Refugees and economic migrants

Refugees are persons who are outside their country of origin for reasons of conflict, generalized violence and persecution because of race, religion, nationality, political opinion, or membership in a particular social group, and have made an asylum claim to acquire international protection. There are about 68 million displaced persons and 25 million refugees and asylum-seekers worldwide.

The difference in the definition between a refugee and an asylum-seeker is that an asylum seeker has left their country and is seeking protection from persecution, while a refugee has already received such protection. The term economic migrant, on the other hand, refers to someone who changes his or her country of usual residence for economic reasons in search of better opportunities. Economic migrants, therefore, cannot claim asylum according to the strict definition, but many do.

Asylum-seekers are protected under international law and the UN’s Refugee Convention and cannot be send back to their place of origin if they will face ‘endangerment’ upon return. In addition, asylum-seekers whose applications are in the process of being verified are supposed to have rights to education, access to justice, employment, healthcare and other fundamental freedoms and privileges, as enshrined in international and regional human rights treaties. Only a small percentage of all asylum applications are ever rejected. Migrants who do not meet asylum criteria are supposed to be sent back to their country of origin – in practice, this happens only to a minority of rejected claims.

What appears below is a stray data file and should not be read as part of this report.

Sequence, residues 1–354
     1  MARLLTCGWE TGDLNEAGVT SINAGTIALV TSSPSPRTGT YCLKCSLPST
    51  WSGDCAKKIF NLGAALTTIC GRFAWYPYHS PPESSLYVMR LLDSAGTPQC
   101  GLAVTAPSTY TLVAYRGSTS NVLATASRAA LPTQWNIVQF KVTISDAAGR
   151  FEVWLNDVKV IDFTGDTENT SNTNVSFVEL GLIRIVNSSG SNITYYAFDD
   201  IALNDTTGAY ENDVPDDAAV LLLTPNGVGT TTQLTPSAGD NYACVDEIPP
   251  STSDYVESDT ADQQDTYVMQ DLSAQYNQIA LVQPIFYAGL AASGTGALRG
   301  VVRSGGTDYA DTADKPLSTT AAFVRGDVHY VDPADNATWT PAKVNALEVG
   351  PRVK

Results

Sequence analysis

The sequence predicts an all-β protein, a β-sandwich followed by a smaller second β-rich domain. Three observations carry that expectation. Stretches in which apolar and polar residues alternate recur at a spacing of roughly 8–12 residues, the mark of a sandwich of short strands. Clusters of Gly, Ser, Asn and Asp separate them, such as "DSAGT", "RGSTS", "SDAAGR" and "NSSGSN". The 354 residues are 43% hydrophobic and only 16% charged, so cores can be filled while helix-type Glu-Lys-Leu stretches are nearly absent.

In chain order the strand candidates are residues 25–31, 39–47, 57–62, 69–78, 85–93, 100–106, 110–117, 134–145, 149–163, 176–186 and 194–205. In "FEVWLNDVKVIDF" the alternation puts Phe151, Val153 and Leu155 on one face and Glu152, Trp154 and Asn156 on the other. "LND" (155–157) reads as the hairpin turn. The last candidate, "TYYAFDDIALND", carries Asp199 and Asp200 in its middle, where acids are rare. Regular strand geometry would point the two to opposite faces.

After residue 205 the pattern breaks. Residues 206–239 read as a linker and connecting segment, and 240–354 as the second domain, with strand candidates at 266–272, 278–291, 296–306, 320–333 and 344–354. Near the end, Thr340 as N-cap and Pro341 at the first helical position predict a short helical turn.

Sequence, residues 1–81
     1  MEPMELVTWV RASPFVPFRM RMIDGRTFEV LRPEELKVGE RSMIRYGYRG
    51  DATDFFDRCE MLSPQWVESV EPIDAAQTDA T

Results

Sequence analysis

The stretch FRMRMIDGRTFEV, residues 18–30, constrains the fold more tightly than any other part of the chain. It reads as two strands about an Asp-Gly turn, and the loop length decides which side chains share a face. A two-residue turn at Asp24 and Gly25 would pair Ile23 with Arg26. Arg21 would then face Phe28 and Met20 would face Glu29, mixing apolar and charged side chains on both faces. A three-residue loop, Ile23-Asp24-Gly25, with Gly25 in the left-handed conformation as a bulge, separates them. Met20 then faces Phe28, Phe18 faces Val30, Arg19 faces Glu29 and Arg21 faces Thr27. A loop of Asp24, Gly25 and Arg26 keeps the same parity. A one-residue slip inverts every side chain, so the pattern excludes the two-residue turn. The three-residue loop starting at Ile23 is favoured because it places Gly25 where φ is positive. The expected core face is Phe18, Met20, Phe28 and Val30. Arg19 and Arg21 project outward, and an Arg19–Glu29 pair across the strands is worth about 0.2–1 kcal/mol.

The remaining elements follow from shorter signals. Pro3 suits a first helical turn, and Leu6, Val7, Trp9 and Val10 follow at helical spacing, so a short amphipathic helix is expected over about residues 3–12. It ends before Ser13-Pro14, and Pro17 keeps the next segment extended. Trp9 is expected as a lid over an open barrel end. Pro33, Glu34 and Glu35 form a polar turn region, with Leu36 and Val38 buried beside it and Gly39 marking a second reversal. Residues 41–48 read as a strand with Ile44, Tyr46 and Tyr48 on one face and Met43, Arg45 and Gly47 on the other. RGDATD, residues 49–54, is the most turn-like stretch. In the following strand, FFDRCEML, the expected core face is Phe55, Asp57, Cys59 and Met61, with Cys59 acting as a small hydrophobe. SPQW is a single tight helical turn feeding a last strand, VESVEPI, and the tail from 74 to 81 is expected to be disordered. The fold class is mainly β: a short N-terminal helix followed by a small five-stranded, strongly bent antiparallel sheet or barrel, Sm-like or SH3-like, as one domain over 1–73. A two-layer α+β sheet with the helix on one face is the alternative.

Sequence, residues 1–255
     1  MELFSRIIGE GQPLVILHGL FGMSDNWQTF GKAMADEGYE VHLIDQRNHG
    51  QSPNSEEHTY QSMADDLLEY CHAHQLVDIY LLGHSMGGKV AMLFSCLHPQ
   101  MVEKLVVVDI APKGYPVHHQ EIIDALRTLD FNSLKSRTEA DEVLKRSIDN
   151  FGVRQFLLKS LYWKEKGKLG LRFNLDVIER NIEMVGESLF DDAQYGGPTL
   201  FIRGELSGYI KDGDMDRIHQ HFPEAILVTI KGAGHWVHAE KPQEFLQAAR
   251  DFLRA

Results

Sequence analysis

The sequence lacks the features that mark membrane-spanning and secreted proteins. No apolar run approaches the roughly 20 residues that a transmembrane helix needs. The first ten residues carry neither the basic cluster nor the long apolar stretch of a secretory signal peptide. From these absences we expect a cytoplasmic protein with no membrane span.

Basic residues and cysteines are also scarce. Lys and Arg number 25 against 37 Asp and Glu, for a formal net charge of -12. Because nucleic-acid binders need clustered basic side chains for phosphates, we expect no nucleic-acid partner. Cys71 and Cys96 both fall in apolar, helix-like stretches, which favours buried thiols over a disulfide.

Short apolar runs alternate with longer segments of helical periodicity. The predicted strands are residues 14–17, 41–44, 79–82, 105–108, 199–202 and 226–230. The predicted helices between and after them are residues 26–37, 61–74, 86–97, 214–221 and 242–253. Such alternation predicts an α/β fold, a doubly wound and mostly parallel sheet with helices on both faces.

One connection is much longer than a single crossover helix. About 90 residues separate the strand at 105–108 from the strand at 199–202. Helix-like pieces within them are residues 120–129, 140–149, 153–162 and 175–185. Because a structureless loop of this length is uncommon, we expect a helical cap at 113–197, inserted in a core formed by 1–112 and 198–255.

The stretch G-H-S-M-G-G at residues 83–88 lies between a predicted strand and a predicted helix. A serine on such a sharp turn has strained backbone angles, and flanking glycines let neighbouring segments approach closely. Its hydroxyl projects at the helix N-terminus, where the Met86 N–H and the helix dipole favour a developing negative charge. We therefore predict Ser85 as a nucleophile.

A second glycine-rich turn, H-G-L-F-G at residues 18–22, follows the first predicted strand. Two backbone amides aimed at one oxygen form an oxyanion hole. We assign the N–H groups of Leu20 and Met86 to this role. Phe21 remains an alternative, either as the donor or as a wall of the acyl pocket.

Mass migration and millions of refugees have led to a hardening of European borders and to a populist backlash in Europe. Across the continent there is an emergence of right-wing and anti-migration populist movements and governments, in countries such as Hungary, Austria, the Netherlands, Denmark, Poland, France and Italy - in the US, Donald Trump leads the anti-migration crusade. 

But while anti-immigration sentiments in Europe is growing, there is also a powerful ‘open-border’ movement worldwide. In addition to ideologues like George Soros, Jean-Claude Junker and Pope Francis. In 2018 the World Refugee Council demanded a major overhaul of the global refugee system, with the goal to “protect the interests of displaced people” and suggested that “all members of the international community must share the responsibility for supporting refugees and the countries that host them”. In the U.S. 500 leftwing-leaning cities and even some states like California have declared themselves as sanctuaries where refugees, asylum-seekers and even economic migrants may seek protection from federal immigration authorities.